GONZALEZ v. GEORGIA DEPARTMENT OF TRANSPORTATION.
Alexia A. Gonzalez was a passenger in an automobile being driven on Interstate 16 in Candler County when the driver lost control in rainy weather, and the automobile left the road and crashed into an adjacent tree. Gonzalez, who was injured in the single-vehicle accident, sued the Georgia Department of Transportation (DOT) claiming that the driver lost control when the automobile hydroplaned on rain water, and that the DOT proximately caused the accident and her injuries by negligently breaching a duty to construct, maintain, or improve the cross-slope design of Interstate 16 so that the rain water would have drained from the roadway and prevented the automobile from hydroplaning
The DOT answered and filed two motions: (1) a motion to dismiss the suit pursuant to OCGA § 9–11–12(b)(1) for lack of subject matter jurisdiction on the basis that the DOT was immune from the negligence claims under the design standards exception to the State's waiver of sovereign immunity set forth in OCGA § 50–21–24(10) of the Georgia Tort Claims Act; and (2) a motion for summary judgment on the basis that: (a) there was no evidence that the DOT was negligent, or (b) there was no basis to find that any negligent act or omission by the DOT was a proximate cause of the accident. Without ruling on the DOT's motion asserting sovereign immunity from the negligence claims, the trial court granted the DOT's motion for summary judgment on the merits of the negligence claims. The trial court found a lack of sufficient evidence to create a jury issue as to whether “standing water” on the roadway caused the automobile to hydroplane, and essentially ruled as a matter of law that Gonzalez failed to prove that any alleged DOT negligence was a proximate cause of the hydroplaning accident. Gonzalez appeals from this ruling arguing that her negligence claims were not necessarily based on evidence of “standing water” on Interstate 16, but on insufficient cross-slope to adequately drain falling rain water from the roadway. In response, the DOT argues that the trial court's order granting summary judgment should be affirmed on various other grounds not addressed in the court's order—including an inadequate evidentiary basis for testimony from Gonzalez's expert on road design that the driver lost control because the automobile hydroplaned.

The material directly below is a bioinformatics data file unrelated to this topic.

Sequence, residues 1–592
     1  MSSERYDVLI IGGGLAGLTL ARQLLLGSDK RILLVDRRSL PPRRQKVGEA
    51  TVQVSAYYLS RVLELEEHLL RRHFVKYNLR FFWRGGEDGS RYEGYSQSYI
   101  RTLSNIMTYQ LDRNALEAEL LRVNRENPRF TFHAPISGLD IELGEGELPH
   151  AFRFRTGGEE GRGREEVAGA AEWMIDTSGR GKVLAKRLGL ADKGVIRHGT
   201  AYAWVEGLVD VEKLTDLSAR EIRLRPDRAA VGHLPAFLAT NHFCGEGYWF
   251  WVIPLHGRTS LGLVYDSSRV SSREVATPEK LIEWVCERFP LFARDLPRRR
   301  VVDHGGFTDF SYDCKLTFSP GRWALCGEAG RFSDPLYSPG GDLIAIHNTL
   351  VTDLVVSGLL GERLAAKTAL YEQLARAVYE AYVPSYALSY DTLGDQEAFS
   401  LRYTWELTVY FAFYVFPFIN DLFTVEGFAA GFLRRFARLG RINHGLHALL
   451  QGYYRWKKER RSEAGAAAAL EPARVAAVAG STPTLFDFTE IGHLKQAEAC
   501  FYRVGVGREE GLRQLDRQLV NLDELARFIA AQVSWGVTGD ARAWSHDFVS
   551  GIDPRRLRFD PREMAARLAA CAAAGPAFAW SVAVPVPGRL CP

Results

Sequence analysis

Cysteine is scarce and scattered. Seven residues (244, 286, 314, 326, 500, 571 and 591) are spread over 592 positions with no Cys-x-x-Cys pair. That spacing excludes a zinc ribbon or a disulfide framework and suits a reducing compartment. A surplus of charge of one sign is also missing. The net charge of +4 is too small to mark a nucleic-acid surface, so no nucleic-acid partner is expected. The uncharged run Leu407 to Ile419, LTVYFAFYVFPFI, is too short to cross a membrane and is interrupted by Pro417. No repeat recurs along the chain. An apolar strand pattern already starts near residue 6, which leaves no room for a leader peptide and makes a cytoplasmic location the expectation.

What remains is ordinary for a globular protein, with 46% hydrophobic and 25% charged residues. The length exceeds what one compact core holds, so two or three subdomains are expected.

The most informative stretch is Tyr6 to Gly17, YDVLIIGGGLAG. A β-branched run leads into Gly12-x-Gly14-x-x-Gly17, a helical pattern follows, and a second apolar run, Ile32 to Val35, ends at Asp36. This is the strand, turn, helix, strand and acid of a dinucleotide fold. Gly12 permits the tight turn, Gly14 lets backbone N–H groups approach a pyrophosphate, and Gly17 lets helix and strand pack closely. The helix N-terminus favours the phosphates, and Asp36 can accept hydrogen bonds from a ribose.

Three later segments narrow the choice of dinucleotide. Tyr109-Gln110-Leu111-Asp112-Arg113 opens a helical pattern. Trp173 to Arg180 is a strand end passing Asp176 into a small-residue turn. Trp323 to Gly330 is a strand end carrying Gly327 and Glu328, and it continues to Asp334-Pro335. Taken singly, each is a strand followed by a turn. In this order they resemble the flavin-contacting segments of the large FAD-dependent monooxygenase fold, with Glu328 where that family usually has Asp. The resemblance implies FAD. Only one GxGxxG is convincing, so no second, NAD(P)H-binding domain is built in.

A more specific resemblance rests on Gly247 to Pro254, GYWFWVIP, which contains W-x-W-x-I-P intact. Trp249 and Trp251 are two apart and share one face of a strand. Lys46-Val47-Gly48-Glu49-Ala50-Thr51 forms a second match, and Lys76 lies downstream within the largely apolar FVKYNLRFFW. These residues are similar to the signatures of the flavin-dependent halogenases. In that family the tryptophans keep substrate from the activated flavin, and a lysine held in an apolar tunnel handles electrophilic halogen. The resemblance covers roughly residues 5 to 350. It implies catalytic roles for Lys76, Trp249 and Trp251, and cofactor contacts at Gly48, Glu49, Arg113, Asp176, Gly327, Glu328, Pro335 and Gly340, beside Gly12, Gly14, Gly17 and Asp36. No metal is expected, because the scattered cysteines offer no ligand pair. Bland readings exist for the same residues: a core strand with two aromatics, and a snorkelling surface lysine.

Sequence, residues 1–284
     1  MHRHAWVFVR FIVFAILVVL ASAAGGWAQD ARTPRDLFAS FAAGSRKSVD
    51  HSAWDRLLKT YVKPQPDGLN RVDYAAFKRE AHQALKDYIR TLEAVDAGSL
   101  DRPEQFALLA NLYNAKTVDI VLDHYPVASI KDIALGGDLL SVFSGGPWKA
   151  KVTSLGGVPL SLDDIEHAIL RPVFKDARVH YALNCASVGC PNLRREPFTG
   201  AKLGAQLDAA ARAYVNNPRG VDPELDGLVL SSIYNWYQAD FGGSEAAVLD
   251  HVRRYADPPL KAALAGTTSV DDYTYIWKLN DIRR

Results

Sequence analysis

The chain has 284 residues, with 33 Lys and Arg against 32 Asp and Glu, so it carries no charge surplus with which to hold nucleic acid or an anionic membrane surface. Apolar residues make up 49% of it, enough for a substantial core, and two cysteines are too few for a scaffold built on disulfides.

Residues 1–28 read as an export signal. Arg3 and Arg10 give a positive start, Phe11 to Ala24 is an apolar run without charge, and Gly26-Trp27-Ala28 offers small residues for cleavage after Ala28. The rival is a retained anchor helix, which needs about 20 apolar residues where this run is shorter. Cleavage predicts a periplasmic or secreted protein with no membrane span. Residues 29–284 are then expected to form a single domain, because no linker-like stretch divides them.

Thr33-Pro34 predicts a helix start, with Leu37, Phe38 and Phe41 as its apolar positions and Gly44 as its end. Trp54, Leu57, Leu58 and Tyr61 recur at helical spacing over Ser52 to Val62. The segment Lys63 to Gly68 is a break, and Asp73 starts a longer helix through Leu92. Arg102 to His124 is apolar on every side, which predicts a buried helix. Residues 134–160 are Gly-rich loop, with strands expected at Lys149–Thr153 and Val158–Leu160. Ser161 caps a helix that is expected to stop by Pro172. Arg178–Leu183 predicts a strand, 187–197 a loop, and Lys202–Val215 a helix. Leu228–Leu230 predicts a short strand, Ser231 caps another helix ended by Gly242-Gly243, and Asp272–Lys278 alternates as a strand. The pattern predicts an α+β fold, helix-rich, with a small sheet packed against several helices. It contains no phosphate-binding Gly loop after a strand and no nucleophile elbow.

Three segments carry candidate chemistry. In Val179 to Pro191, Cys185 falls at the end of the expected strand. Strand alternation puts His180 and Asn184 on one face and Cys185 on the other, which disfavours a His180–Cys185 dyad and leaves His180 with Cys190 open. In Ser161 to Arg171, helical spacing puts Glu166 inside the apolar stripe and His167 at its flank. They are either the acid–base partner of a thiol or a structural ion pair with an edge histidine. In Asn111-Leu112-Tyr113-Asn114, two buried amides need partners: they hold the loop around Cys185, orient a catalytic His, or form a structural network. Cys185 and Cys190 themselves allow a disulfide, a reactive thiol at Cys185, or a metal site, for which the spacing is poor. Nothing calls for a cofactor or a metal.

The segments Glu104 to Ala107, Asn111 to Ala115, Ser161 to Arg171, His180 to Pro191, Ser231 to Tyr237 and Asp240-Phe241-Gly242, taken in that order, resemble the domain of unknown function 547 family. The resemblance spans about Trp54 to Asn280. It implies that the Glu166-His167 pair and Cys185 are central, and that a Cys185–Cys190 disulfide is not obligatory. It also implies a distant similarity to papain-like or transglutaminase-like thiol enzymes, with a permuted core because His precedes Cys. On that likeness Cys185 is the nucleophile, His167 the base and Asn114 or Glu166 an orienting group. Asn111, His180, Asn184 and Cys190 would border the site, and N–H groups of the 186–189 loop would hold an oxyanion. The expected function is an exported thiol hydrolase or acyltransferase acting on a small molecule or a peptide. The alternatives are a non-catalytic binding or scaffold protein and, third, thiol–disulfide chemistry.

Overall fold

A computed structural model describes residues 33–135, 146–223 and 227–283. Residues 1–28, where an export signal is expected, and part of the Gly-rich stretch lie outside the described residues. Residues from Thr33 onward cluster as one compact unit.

For the following reasons, we decline to address the merits of the negligence issues presented in this appeal; we vacate as premature the trial court's order granting the DOT's motion for summary judgment on the merits of the negligence claims; and we remand the case to the court to address the threshold issue presented by the DOT's motion to dismiss the suit on the basis of sovereign immunity.
Whether the DOT is entitled to sovereign immunity from the suit on the basis of the design standards exception in OCGA § 50–21–24(10), as asserted in the DOT's motion to dismiss, “is a threshold issue that the trial court was required to address before reaching the merits of any other argument.” Albertson v. City of Jesup, 312 Ga.App. 246, 248 (718 S.E.2d 4) (2011); Sadler v. Dept. of Transp., 311 Ga.App. 601, 603 (716 S.E.2d 639) (2011); State Dept. of Corrections v. Developers Sur. & Indem. Co., 324 Ga.App. 371, 374 (750 S.E.2d 697) (2013). As a threshold matter, if the DOT is entitled to immunity under the provisions of OCGA § 50–21–24(10), then the trial court lacks subject matter jurisdiction to try the negligence claims, and the suit must be dismissed. Dept. of Transp. v. Dupree, 256 Ga.App. 668, 670–676 (570 S.E.2d 1) (2002).
Judgment vacated and case remanded.
ANDREWS, Presiding Judge.
McFADDEN and RAY, JJ., concur.